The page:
NATO (search) countries agreed Friday to begin training Iraqi security forces after sidestepping a dispute between the United States and France over command of the alliance operation.

Secretary-General Jaap de Hoop Scheffer said a 40-member advance team would leave for Iraq "as soon as possible" to begin the training and would report back in September about proposed relations with the U.S.-led multinational force.

"It's a distinct NATO mission," de Hoop Scheffer told reporters. "The multinational force will give protection" and "there should be a relationship between the training mission and multinational force in Iraq."

"All allies are determined to see a democratic Iraq succeed. They are united in their commitment to help Iraq provide its own peace and its own security," de Hoop Scheffer said.

The decision means the alliance can assume a role in Iraq — something eagerly sought by the U.S. administration — even though the differences between Paris and Washington remain unresolved.

"NATO was quite disunited before and at the beginning stages of the Iraq war," U.S. Ambassador Nicholas Burns (search) told reporters. "Today's decision for us represents the unification of NATO ... the NATO flag is definitely going to be in Baghdad."

In Washington, State Department (search) spokesman Adam Ereli said the decision "is further evidence of allied support for the independence and sovereignty of Iraq and for freedom, democracy and stability for the Iraqi people."

De Hoop Scheffer said the mission's first task would be to set up a working headquarters to train Iraqi officers how to run and coordinate their own command and control system. The initial, 40-member mission is to be followed by a larger force.

"It will certainly grow into the hundreds very rapidly in the early autumn," said Burns.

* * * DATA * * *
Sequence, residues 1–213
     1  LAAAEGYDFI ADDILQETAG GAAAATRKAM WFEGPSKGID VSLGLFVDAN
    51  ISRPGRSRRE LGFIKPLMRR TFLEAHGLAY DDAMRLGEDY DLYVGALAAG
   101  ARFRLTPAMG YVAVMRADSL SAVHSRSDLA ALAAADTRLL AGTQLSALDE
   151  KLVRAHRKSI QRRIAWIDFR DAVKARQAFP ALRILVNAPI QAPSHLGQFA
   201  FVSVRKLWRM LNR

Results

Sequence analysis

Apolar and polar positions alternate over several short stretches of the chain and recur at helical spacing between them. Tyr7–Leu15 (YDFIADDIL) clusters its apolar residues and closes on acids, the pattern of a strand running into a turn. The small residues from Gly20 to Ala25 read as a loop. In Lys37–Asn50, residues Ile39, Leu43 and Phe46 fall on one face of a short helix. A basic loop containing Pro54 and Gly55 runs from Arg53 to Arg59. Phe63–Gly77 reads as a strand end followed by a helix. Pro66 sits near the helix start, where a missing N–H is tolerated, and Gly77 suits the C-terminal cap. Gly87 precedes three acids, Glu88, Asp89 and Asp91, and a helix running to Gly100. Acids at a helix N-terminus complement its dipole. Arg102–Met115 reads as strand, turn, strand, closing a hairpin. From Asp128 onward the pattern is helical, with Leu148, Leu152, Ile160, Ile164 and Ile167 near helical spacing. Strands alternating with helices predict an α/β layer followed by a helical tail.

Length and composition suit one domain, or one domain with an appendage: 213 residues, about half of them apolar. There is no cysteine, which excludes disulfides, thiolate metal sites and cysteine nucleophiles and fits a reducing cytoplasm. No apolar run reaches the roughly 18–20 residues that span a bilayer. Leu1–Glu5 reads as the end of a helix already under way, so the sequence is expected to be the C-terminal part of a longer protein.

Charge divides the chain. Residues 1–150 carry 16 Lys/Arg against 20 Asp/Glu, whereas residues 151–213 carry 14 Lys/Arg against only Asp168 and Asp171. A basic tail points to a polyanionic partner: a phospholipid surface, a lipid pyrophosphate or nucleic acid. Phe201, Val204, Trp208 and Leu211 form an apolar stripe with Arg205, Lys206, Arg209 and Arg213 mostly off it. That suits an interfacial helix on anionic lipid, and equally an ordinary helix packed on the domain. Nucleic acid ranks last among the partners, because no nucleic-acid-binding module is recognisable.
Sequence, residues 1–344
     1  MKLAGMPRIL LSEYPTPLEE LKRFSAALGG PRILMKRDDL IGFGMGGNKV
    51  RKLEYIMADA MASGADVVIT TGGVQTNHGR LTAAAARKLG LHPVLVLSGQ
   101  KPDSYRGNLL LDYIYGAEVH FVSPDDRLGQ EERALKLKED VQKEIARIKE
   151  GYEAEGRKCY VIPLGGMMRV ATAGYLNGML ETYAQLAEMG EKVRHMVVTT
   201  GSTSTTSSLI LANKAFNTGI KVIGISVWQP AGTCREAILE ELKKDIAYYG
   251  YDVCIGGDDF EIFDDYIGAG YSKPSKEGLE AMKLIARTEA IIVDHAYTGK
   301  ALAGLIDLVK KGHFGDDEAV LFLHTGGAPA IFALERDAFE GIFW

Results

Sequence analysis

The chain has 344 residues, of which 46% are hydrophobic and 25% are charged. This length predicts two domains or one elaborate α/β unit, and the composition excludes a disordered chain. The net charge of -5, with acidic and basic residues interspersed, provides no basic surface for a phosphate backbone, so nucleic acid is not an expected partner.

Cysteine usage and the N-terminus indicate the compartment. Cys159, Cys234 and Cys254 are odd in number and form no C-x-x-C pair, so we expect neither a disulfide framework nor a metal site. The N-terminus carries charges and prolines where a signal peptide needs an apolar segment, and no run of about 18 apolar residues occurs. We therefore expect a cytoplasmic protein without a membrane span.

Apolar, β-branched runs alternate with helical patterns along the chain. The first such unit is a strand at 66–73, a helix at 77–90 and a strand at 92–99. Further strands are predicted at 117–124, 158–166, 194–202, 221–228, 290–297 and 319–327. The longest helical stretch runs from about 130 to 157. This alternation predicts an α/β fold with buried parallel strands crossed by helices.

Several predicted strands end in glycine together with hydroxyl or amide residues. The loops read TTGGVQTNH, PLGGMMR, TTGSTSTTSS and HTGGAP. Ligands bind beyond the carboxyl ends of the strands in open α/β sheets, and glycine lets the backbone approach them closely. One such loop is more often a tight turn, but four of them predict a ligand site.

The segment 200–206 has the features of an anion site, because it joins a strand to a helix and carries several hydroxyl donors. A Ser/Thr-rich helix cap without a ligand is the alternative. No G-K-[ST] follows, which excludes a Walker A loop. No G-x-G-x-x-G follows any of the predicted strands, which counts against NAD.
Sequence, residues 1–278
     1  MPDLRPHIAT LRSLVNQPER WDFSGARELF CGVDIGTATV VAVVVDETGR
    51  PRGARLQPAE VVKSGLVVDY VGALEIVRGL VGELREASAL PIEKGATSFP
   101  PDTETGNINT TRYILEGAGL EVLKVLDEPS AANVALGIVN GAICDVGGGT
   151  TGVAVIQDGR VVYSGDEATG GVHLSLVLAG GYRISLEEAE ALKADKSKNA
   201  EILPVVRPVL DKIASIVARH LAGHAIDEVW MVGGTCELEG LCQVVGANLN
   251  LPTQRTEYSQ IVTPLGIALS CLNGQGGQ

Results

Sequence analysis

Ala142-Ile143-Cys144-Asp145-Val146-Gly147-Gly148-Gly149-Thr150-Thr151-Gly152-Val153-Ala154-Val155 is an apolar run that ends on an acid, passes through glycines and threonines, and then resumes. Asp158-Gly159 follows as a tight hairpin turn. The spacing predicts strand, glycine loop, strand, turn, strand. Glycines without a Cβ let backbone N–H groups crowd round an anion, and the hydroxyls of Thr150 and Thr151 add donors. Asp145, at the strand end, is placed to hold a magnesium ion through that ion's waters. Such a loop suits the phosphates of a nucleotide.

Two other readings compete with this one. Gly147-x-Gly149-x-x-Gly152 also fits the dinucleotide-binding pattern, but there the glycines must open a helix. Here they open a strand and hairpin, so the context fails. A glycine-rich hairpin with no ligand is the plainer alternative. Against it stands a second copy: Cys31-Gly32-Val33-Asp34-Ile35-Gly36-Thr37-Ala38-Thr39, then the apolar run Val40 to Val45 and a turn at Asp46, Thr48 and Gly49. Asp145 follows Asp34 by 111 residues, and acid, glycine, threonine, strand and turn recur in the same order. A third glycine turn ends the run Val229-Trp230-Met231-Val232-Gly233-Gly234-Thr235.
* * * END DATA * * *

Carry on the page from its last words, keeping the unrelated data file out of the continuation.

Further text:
Agreement on the mission had been delayed by French objections. France, which strongly opposed the Iraq war, had abandoned its objections to a NATO presence inside the country but opposed putting the training mission under the command of U.S. Gen. George Casey, the senior U.S. officer in Iraq.

The United States had insisted that the commander of the NATO mission be linked to the U.S.-led coalition. Paris suggested postponing a decision on command until September to let the first phase of the mission begin by Aug. 6.

Officials said NATO's supreme allied commander in Europe, U.S. Marine Gen. James Jones, would come up with a recommendation to NATO ambassadors by Sept. 15 on a command system for the allied mission.

Washington argued that putting the mission under the U.S. command in Iraq is the best way to protect it and ensure its effectiveness. France feared the move would open the door to NATO involvement in battling the insurgency.

The U.S. proposal had the backing of a majority of the 26 NATO nations, but unanimity is needed for a decision. NATO leaders agreed to the mission at their summit a month ago but left details vague.

NATO officials also put off until later another dispute, over whether the mission should be commonly funded by all allies, like the NATO peacekeeping mission in Afghanistan, or only by those sending troops.

So far NATO's role in Iraq has been limited to providing logistical backup to a Polish-led division working with the American troops. Although 16 NATO members already have some troops there, they are not under the NATO flag.